Again North finished Minor Premiers under Nunan but failed dismally in the GF kicking only 1.8 to Port's 15.18. This result was nearly as bad as Port Adelaide's 1.6 when losing the 1905 Grand Final to North Adelaide.
With Mike Nunan still at the helm, North won its thirteenth premiership in a quite vicious Grand Final, more than doubling West Adelaide's 11.7 by kicking 21.22 - a 75-point victory to the Roosters. North had 23 scoring shots to West's eight in the second half. Kim Klomp was North's Captain and Darel Hart, who kicked seven goals, won the Jack Oatey Medal for best on ground. North showed the benefit of not being intimidated by West's focus on the player rather than the ball which resulted in a record number of players being reported for a Grand Final.
Darel Hart was appointed Coach. Brenton Phillips won the Magarey Medal, the 12th North player to do so. Champion Ruckman Mick Redden retired after 16 seasons (starting in 1978) and 334 premiership games - the most games played by a North Adelaide player.
Michael Flynn became Coach. Joshua (Josh) Francou became North's latest (13th) recipient of the Magarey Medal. A total of 17 medals have been won by players representing NAFC. Barrie Robran was one of 136 inaugural Members inducted into the AFL's Australian Football Hall of Fame.
Chris McDermott was appointed coach but achieved only limited success during his four-season stint.
Don Lindner was retrospectively awarded the 1967 Magarey Medal, which he originally lost in a count-back to Trevor Obst. Lindner became the 14th NAFC player to win a Magarey Medal and brought the Club representative total medals to 18.
After a stint as Assistant-coach with the Adelaide Football Club, Darel Hart was re-appointed as league Coach. Barrie Robran was elevated to Legend Status of the AFL and is still the only player holding this status who never played VFL or AFL football.
Under Hart, North finished bottom for the sixth time in its history - the other years (with the number of teams in brackets) were: 1999 (9), 1978 (10), 1912 (7), 1899 (6) and 1894 (4) - and with its worst-ever success rate in the SANFL of only one win and two draws for the season. Hart agreed to stand down and Duane Massey, Reserves Coach, took over the League coaching position for the last 6 matches of the season.
Former Club star, Andrew Jarman - 1985 & 1989 Club Best & Fairest and 1987 Magarey Medallist - became the Club's 29th different, appointed coach since the first in 1920. Jarman turned the playing fortunes of the team around by the force of his passion and the confidence he instilled in those around him. The remarkable result was that the Club played in the finals, winning the elimination final before losing the First Semi-Final and signalling a new era of success for the Club.
A personal performance of note was by full-forward Daniel Hargraves who, during the season, became only the fifth North player to kick over 300 career goals. He follows in the goal-kicking footsteps of Farmer, Dietrich, Sachse and Rodney Robran, the others to achieve this feat.
After finishing 2nd at the end of the minor round North contested the finals for the 3rd consecutive year, only to fall short by 7 points against eventual Premier Woodville-West Torrens in the preliminary final. The Reserves achieved back to back premierships, thrashing Norwood by 97 points in the Grand Final.
The NAFC was named Club of the Year by the SANFL and also won the Stanley H. Lewis trophy for the second successive year as the best performed SANFL club through all grades.
Once again North contested the finals, this time defeating Woodville West Torrens in the preliminary final to participate in its first Grand Final since 1991. Central District however were too good on the day, defeating North by 65 points, 16.11 (107) to 5.12 (42).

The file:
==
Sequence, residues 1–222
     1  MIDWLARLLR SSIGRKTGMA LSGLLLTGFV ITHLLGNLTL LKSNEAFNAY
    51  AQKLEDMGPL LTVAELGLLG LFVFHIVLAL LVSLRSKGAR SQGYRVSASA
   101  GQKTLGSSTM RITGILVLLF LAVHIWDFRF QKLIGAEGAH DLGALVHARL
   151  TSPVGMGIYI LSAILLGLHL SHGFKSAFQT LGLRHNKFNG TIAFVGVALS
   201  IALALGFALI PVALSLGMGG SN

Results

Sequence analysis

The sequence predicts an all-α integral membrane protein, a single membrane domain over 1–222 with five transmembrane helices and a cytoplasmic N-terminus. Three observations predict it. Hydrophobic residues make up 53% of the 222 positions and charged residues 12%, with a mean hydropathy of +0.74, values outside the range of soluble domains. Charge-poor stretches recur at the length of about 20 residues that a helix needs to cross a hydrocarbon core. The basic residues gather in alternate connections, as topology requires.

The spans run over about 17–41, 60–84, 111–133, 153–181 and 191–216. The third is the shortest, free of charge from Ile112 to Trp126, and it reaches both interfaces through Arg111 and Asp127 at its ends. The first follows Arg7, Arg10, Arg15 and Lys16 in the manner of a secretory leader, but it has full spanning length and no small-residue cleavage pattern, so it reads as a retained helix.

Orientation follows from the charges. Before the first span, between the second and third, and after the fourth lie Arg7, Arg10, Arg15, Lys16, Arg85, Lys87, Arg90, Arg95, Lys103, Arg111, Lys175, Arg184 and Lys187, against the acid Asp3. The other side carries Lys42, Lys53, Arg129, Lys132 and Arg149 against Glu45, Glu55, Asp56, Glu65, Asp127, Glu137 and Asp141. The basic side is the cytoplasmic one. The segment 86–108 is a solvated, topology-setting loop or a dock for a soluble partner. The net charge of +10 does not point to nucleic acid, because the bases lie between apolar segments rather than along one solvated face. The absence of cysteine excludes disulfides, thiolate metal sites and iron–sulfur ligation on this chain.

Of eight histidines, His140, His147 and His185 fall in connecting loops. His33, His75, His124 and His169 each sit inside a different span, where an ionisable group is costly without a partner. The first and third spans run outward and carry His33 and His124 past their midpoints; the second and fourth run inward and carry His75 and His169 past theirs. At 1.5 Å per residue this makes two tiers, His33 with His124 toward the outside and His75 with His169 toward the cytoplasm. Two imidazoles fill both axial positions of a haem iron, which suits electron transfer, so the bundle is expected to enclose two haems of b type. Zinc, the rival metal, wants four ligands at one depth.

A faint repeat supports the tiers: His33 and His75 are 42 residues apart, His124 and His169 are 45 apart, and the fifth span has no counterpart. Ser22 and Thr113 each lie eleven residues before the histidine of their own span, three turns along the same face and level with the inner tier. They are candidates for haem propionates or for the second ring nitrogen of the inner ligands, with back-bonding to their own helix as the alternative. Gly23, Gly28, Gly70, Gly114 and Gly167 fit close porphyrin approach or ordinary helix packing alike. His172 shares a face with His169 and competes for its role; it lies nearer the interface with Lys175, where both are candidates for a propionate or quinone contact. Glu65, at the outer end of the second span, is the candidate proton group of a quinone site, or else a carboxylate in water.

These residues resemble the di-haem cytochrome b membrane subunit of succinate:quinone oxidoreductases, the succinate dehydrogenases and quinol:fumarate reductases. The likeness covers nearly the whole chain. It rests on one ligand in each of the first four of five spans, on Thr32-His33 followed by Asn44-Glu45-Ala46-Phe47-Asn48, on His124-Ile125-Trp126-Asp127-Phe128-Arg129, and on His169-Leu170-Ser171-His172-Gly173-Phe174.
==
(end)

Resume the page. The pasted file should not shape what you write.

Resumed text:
After a sensational debut season, VFL import James (Jimmy) Allan became the 15th North Adelaide footballer to win the Magarey Medal - the Club's 19th.
Tim Delvins was also successful in winning the Reserves Magarey Medal and the North U/17's capped off a great year for the club by defeating Port Adelaide in the Grand Final to claim the premiership.
After contesting the Grand Final in 2007, 2008 was a year of disappointment as the club finished in 7th place with 9 wins. After 5 seasons as senior coach Andrew Jarman’s tenure was ended. The Club mourned the sudden loss of club legend and 1967 Magarey Medallist Don Lindner who passed away on New Years Eve.
Former Central District premiership captain Daniel Healy was appointed as the senior coach of the North Adelaide Football Club. North contested the elimination final against Woodville West Torrens but unfortunately just fell short in a close contest losing by 11 points.
Rhys Archard capped off a great year personally by becoming the 16th NAFC player to win the Magarey Medal, the club’s 20th. Hot favourite James Allan was a very unlucky runner up losing the award by 1 vote.
Rhys Archard with his 2009 Magarey Medal.
High expectation ended in disappointment as North Adelaide finished in 7th position at the end of the minor round. James “Jimmy” Allan had yet another brilliant season and was a most deserving winner of his 2nd Magarey Medal. James also collected the Barrie Robran medal for the 4th consecutive season by winning the club champion trophy.
The North Adelaide under 16’s gave some joy to the club by claiming the premiership, defeating Glenelg in the Grand Final. League coach Daniel Healy and North Adelaide parted company at the conclusion of the 2010 season.
James Allan with his 2010 Magarey Medal
Former North Adelaide and Port Power star, Josh Francou, was appointed as the new senior coach. North had a much more competitive season but ultimately finished second last after losing 8 matches by 12 points or less.
After another stellar season, James Allan won his third Magarey Medal and our under 16’s made it back-to-back success when they won the 2011 premiership.
For most of the season, North were frustratingly inconsistent and after 16 rounds had only 5 wins from 13 matches. However, five wins from the last 7 games was enough to secure a finals spot for the first time in three years. North showed that they were beginning to assert themselves as a force in the competition when they eliminated the Eagles and then reigning premier Central District before losing the preliminary final to West Adelaide.
James Allan and Clint Alleway retired at the end of the season.